Charles I : King and Martyr

Past beyond the gallery archive
27 February - 31 October 2010

Lyme Park, Cheshire

  • Partnership exhibition



King Charles I, by William Marshall, published 1649 - NPG  - © National Portrait Gallery, London

King Charles I
by William Marshall
published 1649
NPG D1305

The execution of Charles I was one of the most momentous events in British history, the culmination of years of political unrest and civil war. Its impact was both profound and widespread, reaching into all areas of British life.

This display explores the ways in which the king's death was remembered through the medium of prints, ranging from gory representations of the execution to idealised images of the king transfigured through martyrdom.

The central image is William Marshall's emblematic frontispiece to Charles I's final written testament Eikon Basilike. The Pourtraicture of his sacred Maiestie in his solitudes and sufferings. The print is a masterpiece of propaganda. It concisely summarises the book's principal theme of Charles I's indomitable Christian faith and acceptance of his martyrdom. The king is shown in an attitude of prayer, which invites comparisons to images of Christ's Agony in the Garden. He discards his worldly crown while seizing a crown of thorns and looking up to an ‘incorruptible' celestial crown awaiting him in heaven.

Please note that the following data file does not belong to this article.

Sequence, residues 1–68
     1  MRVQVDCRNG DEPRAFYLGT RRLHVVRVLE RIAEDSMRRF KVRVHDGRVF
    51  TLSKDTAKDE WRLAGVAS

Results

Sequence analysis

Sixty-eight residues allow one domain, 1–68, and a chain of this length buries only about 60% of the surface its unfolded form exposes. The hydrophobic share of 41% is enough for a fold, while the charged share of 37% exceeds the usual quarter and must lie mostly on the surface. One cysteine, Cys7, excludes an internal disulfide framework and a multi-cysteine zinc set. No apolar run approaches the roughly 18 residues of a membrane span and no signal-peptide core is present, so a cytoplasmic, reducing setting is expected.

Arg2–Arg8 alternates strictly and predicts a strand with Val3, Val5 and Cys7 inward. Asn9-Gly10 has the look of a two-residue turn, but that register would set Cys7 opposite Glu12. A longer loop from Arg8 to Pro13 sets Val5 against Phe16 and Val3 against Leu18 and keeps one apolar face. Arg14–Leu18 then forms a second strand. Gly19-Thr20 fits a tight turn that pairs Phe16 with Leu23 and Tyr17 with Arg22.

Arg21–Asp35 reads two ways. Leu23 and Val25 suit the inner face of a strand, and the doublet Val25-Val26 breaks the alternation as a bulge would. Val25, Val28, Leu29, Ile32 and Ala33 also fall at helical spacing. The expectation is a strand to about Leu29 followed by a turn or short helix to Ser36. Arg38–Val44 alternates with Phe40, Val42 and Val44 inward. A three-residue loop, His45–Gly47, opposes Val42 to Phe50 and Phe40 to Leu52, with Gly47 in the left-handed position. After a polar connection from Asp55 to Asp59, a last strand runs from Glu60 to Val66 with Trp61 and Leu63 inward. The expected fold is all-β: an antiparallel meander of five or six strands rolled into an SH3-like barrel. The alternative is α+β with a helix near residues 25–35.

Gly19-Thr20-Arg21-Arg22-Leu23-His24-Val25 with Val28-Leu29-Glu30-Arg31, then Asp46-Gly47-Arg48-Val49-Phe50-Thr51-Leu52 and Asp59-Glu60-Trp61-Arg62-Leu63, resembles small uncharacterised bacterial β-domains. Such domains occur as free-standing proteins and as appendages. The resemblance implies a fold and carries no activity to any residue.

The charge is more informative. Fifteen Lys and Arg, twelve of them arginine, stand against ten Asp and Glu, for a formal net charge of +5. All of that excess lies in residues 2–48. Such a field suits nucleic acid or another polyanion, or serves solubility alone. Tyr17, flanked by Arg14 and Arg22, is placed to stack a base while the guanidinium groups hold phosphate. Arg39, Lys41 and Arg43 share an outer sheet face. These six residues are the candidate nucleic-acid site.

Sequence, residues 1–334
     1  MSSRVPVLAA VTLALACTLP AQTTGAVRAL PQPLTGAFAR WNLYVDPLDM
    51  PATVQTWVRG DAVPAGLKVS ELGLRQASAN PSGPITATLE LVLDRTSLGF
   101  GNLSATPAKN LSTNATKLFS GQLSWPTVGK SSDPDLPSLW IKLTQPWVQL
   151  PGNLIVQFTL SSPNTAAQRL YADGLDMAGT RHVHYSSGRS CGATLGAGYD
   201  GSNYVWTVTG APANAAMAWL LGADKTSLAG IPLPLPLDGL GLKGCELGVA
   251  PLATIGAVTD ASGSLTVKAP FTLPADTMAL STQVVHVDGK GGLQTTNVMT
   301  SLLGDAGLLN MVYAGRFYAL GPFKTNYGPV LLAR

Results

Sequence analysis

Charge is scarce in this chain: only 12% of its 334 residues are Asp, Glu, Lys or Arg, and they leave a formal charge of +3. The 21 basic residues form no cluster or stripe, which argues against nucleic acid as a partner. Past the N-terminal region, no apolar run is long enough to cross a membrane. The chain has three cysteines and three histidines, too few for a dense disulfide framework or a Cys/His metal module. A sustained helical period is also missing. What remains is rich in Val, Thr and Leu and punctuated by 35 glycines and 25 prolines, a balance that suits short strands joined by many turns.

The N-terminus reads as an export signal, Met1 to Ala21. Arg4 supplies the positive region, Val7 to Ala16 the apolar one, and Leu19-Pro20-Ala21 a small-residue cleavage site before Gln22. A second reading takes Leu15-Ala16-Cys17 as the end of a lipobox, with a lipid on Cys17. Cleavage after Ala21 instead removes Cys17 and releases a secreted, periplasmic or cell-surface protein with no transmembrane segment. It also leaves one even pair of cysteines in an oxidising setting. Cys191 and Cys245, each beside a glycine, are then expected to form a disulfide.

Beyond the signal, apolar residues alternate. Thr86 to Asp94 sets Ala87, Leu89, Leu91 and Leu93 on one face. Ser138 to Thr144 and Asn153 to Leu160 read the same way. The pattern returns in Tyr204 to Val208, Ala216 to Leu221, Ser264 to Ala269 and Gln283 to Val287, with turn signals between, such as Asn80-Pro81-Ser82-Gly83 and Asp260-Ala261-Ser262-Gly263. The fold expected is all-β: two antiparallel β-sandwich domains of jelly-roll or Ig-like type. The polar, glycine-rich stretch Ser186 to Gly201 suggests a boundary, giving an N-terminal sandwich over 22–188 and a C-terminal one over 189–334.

The Lyme Park display is complimented by a number of precious relics relating to Charles I including a chair reputedly upholstered in the cloak worn by the king at his execution. Other items have been generously loaned by the Legh family, owners of Lyme Park for 600 years, which have never before been on public display. These consist of a pair of beautiful leather gloves and an agate-handled dagger of c.1530, the blade inscribed ‘Carolus'. Both are said to have belonged to the King, whose connection with other objects throughout the house is being highlighted for the duration of the display.